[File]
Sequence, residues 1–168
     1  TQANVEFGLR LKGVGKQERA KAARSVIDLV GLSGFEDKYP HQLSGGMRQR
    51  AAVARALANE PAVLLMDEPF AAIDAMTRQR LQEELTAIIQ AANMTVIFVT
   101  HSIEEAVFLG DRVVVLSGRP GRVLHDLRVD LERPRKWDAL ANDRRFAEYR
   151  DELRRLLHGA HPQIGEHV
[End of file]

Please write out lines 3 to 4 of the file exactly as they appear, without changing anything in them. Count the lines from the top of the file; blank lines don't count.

    51  AAVARALANE PAVLLMDEPF AAIDAMTRQR LQEELTAIIQ AANMTVIFVT
   101  HSIEEAVFLG DRVVVLSGRP GRVLHDLRVD LERPRKWDAL ANDRRFAEYR